A closely watched forecast suggests that while the taxpayer may be off the hook for energy support to households from the summer, bills will still be very high by historical standards.
A fall in wholesale energy costs means average annual bills could soon come in below the level of the government's energy support programme, according to a leading forecaster.
Average annual bills under the regulator Ofgem's price cap mechanism are expected to drop to around £2,800 a year from July, Cornwall Insight predicted.
This would mean the government's energy price guarantee (EPG), which limits how much a typical household pays for its wholesale energy, would no longer cost the taxpayer anything - potentially saving billions.
At the moment, if wholesale costs are above a certain level for electricity and gas, the government pays the excess.
This means an average bill of £2,500 for British households, a figure that will rise to £3,000 from April as the EPG's level of support is eased back.
Cornwall Insight predicted average annual bills of £3,545.31 between April and June - dropping sharply during the summer months from July to the £2,800 estimate.
The estimated bill is £300 above the current capped EPG rate of £2,500, but £200 below what the cap will be this summer after the EPG rises to £3,000 in April.
The EPG scheme, introduced by Liz Truss's short-lived government on 1 October, protects families from rises in energy costs by limiting the amount energy companies can charge per unit of energy used.
Behind the fall in prices is a drop in the price of wholesale gas, which dictates the overall cost of energy. Prices spiked throughout last year after Russia's invasion of Ukraine.
Consumers have been warned that bills will remain higher than in 2019, before the pandemic began.
Prices have already fallen from the high in August but it will take time for the effects of price decreases to work their way to customers. Full effects will not be seen until the third quarter of the year, from July to September, as energy suppliers buy energy ahead of time and falling day to day prices have a limited impact in the short-term.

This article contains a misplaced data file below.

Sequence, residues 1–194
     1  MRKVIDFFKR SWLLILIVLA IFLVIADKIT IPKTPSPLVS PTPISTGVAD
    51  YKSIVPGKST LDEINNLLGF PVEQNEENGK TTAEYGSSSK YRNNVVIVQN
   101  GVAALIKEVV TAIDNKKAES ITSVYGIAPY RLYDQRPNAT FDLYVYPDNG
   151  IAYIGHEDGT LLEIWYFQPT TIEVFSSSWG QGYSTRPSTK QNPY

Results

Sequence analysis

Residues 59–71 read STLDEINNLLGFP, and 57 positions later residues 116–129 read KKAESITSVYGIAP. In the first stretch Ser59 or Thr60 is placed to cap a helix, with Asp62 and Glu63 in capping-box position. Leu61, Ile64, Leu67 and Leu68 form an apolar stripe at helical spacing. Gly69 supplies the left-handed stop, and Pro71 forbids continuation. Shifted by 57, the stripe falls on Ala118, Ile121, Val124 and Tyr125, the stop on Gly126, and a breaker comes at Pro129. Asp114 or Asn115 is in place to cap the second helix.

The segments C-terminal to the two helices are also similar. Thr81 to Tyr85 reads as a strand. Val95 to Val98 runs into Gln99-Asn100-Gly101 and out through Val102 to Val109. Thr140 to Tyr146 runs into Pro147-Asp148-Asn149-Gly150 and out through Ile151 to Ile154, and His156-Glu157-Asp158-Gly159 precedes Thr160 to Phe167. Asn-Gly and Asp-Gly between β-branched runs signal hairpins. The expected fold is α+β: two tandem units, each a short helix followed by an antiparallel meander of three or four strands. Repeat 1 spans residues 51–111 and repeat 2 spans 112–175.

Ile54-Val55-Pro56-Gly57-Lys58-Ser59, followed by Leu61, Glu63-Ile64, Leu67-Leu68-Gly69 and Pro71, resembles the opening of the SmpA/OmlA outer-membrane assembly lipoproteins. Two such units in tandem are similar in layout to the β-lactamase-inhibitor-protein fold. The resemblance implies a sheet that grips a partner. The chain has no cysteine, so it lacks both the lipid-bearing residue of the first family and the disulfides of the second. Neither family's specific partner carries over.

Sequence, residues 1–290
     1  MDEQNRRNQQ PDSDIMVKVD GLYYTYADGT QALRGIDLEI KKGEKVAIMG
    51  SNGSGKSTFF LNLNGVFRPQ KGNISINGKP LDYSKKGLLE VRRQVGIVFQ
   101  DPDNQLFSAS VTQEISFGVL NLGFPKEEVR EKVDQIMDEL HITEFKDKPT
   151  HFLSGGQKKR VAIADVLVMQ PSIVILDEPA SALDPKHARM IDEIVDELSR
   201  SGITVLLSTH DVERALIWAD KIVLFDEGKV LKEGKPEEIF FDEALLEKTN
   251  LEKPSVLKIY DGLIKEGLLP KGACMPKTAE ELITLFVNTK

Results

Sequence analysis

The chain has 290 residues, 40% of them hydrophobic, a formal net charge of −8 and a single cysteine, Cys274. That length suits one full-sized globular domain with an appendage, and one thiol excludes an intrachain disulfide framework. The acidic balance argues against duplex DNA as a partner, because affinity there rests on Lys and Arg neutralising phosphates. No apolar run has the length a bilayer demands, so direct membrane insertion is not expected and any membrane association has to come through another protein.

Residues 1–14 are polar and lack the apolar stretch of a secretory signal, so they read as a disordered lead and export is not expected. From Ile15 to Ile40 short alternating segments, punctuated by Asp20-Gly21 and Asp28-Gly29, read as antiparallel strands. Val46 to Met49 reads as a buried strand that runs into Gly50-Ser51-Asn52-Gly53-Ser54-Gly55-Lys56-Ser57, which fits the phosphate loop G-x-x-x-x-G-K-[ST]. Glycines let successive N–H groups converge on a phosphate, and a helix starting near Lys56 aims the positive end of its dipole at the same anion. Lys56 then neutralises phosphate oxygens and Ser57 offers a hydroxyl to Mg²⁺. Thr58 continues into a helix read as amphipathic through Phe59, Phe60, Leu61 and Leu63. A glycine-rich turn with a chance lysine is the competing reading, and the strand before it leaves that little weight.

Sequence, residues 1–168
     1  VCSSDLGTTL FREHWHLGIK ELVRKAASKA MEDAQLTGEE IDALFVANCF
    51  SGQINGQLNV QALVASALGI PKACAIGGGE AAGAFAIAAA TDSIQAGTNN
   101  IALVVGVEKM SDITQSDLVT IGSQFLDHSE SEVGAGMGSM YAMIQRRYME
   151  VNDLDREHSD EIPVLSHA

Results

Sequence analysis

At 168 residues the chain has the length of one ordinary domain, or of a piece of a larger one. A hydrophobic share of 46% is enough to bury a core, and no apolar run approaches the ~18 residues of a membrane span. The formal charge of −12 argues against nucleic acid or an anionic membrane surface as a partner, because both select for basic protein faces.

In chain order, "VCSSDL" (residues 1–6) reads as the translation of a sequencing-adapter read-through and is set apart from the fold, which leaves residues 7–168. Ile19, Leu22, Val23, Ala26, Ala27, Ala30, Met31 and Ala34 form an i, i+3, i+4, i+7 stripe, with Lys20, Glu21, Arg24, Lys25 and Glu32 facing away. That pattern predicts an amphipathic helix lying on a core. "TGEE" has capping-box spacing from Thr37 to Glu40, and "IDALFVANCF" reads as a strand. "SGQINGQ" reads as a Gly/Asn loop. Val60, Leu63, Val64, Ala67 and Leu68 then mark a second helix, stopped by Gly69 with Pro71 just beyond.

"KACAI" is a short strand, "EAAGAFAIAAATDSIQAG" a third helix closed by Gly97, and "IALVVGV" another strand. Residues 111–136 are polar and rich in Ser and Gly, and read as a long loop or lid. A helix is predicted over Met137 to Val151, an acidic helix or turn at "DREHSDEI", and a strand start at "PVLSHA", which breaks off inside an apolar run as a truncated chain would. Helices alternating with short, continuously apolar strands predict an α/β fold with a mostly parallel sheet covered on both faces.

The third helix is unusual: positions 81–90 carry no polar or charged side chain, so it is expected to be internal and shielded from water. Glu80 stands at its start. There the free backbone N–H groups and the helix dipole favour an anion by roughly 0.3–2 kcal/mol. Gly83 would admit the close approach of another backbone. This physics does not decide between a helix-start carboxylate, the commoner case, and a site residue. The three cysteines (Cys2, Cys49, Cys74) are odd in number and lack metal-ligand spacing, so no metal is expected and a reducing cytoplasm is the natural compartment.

Even if the current, comparatively low levels of wholesale prices are maintained, pressure on government to provide monetary support for bills will still remain as prices stay high. The estimated £2,800 a year cost is more than double the cost of 2021.
"While it is positive to see a drop in the price cap forecast, household bills are set to remain high," said Dr Craig Lowrey, principal consultant at Cornwall Insight said.
"With the Energy Price Guarantee rising in April, the second half of the year will still see a typical household facing bills that are well above historic levels and facing costs that many can ill afford."
Energy bill supports will need to be reviewed, he added. "It is clear that blanket measures of bill support are not providing adequate protection for the most vulnerable and more targeted measures including social tariffs may be something for the government to consider."
"While the details of future support are best left up to the judgement of politicians, the forecasts demonstrate we must look beyond the current policy if we are to see a fairer, more cost-efficient and enduring way of reducing household energy bills for those who need it the most."